[1] Actually, even a block of wood might be better, remember that Monty Python sketch?

[2] I'd say "act in one" but there's no risk of that, is there?

Saturday, February 23, 2008

While his guitar gently taps

Just got back from an evening listening to this man do wild and wonderful things with a guitar - the kind of things it shouldn't be possible for mortals to do, including an adaptation of the slow movement to Mozart's Piano Concerto 21 (yes, that's Elvira Madigan) that brought tears of joy to my eyes and that old Amadeus himself would have been proud of. Adapting the Beatles and S&G and Led Zep and even Miles is one thing, but when you can pull of Mozart on a guitar you are truly God.

Now you'll excuse me while I go listen to the man play ragas Bihag, Shankara and Malkauns. Meanwhile you can check out more Jordan links courtesy TR.

Prayer for Image's Sake

Give us this day the photographs not taken. Handfuls of film poured away in the river. Memories misplaced between pages of light.

Spare us this day regret's exposures. The blankness of lives that we never used. Spare us the shutter of your wrath, your eye that bruises, and all the vulnerabilities with which our flesh burns clear.

Let no one leave who cannot be forgotten. Let no one stay except in our hearts.

Friday, February 22, 2008

The Binayak Sen Petition(s)

And while we're on the subject of Human Rights, csm points to an online petition for the release of Binayak Sen.

You can read more about Dr. Sen and his arrest by the Chattisgarh government here (I'll admit this is the first I've heard about it). The wikipedia article also has a link to a site that lists a number of other petitions (including this one, which seems more recent).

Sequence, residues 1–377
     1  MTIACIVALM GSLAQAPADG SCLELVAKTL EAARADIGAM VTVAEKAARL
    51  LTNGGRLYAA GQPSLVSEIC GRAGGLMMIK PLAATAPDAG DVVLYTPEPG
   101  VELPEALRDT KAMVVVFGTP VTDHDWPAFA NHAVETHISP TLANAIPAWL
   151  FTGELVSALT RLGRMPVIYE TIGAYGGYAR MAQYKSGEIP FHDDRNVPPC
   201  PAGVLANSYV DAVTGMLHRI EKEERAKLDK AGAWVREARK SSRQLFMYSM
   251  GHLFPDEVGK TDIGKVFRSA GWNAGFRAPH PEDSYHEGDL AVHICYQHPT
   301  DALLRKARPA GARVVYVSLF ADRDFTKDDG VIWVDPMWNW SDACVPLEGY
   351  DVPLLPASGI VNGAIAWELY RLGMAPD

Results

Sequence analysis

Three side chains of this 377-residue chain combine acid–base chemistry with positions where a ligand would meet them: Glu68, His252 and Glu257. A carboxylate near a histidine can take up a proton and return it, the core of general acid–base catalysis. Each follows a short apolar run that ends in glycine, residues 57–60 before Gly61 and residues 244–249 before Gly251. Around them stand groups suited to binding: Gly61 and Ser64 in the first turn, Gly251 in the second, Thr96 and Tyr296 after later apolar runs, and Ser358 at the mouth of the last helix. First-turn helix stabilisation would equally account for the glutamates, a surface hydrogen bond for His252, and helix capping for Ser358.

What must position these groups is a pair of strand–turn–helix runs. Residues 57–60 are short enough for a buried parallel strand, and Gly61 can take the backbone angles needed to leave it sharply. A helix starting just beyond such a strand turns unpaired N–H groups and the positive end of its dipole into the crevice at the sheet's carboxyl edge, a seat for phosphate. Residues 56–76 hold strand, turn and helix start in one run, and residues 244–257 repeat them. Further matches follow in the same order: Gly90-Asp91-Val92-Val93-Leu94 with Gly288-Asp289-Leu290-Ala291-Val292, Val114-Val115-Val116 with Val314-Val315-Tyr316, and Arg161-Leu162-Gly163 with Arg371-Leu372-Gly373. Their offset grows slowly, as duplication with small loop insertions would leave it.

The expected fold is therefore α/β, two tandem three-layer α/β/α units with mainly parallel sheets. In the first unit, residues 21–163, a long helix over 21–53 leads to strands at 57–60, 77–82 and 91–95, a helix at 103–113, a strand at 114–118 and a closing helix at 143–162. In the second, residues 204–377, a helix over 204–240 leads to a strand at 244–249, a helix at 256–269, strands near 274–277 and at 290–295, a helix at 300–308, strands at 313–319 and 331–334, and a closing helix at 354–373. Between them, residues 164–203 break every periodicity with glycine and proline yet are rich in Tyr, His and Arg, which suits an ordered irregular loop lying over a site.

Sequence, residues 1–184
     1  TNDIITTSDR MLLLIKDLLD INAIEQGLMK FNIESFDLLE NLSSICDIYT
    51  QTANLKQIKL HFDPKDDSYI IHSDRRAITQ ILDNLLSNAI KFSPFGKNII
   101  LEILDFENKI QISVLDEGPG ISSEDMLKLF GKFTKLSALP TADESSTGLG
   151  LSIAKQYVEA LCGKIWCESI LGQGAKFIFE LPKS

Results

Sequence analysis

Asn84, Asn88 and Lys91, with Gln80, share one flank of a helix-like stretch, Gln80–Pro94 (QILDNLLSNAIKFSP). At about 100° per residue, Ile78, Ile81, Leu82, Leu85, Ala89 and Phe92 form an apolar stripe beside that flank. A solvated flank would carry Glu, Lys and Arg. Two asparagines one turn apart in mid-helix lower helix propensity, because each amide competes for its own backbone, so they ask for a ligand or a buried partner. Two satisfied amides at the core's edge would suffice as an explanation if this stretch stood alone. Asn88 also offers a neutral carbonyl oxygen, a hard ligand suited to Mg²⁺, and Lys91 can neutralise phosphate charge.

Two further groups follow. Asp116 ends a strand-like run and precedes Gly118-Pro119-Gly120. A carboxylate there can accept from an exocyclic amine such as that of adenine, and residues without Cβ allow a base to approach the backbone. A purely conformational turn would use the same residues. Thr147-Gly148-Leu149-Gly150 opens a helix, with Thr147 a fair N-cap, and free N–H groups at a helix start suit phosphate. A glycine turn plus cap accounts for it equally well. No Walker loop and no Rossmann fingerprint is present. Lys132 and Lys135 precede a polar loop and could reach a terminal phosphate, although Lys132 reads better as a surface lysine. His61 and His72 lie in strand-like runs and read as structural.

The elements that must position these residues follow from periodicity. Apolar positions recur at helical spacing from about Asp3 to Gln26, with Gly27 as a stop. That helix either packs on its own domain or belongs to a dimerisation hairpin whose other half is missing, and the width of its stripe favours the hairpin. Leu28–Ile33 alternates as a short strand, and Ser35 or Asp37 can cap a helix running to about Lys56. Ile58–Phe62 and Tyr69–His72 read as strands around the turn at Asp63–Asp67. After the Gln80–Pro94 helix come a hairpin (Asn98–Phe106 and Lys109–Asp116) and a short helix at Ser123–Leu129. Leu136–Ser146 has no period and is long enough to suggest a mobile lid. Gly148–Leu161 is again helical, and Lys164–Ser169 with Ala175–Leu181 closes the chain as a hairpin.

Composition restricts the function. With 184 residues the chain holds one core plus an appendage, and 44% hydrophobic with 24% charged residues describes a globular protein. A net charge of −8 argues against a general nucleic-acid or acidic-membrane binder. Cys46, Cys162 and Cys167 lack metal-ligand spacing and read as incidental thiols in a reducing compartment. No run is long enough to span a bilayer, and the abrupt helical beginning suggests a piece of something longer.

Happy signing.

Wednesday, February 20, 2008

Democracy Unveiled

Another day, another set of movies. Today's crop included a short documentary by James Longley called Sari's Mother, as well as a one-hour feature by Danish film-maker Eva Mulvad about Afghanistan politician Malalai Joya, called Enemies of Happiness.

The Mulvad documentary is a fascinating watch - less for what it tells us about Joya, than for its depiction of a society coming to reluctant grips with democracy. Set almost entirely in the ten days leading up to the first parliamentary elections in Afghanistan in 2005, Enemies of Happiness chronicles the day to day life of Malalai Joya, a 28-year old woman fighting the election on a platform of women's rights and opposition to warlords, a stance that had her banished from the national assembly in 2003 (for violating 'common courtesy' - link leads to video clip of the incident) and that has made her the target of assassination attempts ever since. As the film unfolds, we see Joya struggling to cope with the pressures of the forthcoming election, balancing her role as a sort of impromptu village elder giving advice and support to those who come to her with their troubles, while struggling to get her message out there in a pre-election environment where she cannot move out of her office unless wearing a burqa and with a heavily armed escort in tow.

There is no doubt that Joya is an inspiring figure (you can read more about her here) but I can't help feeling that the film is a little too obviously on her side, it's viewpoint so heavily subjective that it's impossible to arrive at your own opinion of Joya, making one's approval of her an article of faith. Things are made even more problematic by the fact that the film provides little or no background information about the issues Joya is fighting for or the context she's fighting in, treating all that as something the viewer would know about (which I suppose one should, but frankly, I don't). Instead the film spends a lot of its time on the details of one particular problem - somewhat tangential, I would think, to Joya's main platform - the insistence of an 80 year old opium dealer on marrying a girl younger than his grandchild against her wishes. By itself, it's not an uninteresting story, but in the larger context of the film it feels like a distraction, and I found myself wishing the film had spent more time telling us about the 'warlords' that Joya is fighting against - who they are, what they're guilty of, etc.